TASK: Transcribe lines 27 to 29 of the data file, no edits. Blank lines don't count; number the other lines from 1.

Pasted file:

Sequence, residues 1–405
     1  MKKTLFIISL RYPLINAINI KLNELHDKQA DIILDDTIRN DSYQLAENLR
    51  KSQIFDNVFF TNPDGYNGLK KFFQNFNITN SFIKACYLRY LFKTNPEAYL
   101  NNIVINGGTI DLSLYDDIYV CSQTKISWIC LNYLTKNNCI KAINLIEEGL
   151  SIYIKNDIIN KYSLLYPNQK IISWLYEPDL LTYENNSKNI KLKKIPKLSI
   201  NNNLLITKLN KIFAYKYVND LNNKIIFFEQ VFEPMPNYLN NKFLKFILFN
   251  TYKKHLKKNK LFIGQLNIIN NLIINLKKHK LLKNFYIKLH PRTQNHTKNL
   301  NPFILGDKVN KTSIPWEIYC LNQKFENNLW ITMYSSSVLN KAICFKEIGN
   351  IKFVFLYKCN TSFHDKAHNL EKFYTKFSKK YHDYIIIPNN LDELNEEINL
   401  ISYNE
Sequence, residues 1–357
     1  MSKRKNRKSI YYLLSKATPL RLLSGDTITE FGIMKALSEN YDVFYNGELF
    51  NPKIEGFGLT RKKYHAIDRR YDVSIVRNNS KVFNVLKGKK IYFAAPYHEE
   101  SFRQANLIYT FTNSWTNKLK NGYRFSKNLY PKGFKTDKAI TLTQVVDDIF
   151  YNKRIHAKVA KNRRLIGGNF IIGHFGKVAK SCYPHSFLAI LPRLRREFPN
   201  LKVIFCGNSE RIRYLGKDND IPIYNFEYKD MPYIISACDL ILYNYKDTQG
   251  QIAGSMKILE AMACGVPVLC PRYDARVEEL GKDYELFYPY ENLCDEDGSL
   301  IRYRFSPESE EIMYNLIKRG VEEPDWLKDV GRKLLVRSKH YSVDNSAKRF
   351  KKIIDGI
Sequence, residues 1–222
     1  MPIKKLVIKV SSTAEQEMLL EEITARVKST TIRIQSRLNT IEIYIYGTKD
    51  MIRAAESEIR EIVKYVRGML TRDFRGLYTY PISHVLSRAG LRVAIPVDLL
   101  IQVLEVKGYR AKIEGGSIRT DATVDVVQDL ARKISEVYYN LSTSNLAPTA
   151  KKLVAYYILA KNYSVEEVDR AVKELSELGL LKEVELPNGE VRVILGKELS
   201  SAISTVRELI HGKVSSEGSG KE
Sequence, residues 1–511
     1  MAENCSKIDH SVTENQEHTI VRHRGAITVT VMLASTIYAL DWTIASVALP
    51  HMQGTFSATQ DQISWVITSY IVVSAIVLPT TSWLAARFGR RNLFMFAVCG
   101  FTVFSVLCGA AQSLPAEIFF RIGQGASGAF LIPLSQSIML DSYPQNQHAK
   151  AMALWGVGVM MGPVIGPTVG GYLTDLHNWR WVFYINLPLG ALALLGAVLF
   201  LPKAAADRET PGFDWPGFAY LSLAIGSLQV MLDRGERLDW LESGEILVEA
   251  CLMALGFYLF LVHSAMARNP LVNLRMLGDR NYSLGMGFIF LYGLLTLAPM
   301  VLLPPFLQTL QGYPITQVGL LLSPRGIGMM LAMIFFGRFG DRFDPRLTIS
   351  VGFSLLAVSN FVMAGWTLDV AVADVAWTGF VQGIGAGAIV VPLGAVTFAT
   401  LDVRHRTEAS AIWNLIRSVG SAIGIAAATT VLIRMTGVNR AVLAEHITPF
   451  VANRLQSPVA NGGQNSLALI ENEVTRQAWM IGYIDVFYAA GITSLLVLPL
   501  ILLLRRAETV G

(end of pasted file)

     1  MAENCSKIDH SVTENQEHTI VRHRGAITVT VMLASTIYAL DWTIASVALP
    51  HMQGTFSATQ DQISWVITSY IVVSAIVLPT TSWLAARFGR RNLFMFAVCG
   101  FTVFSVLCGA AQSLPAEIFF RIGQGASGAF LIPLSQSIML DSYPQNQHAK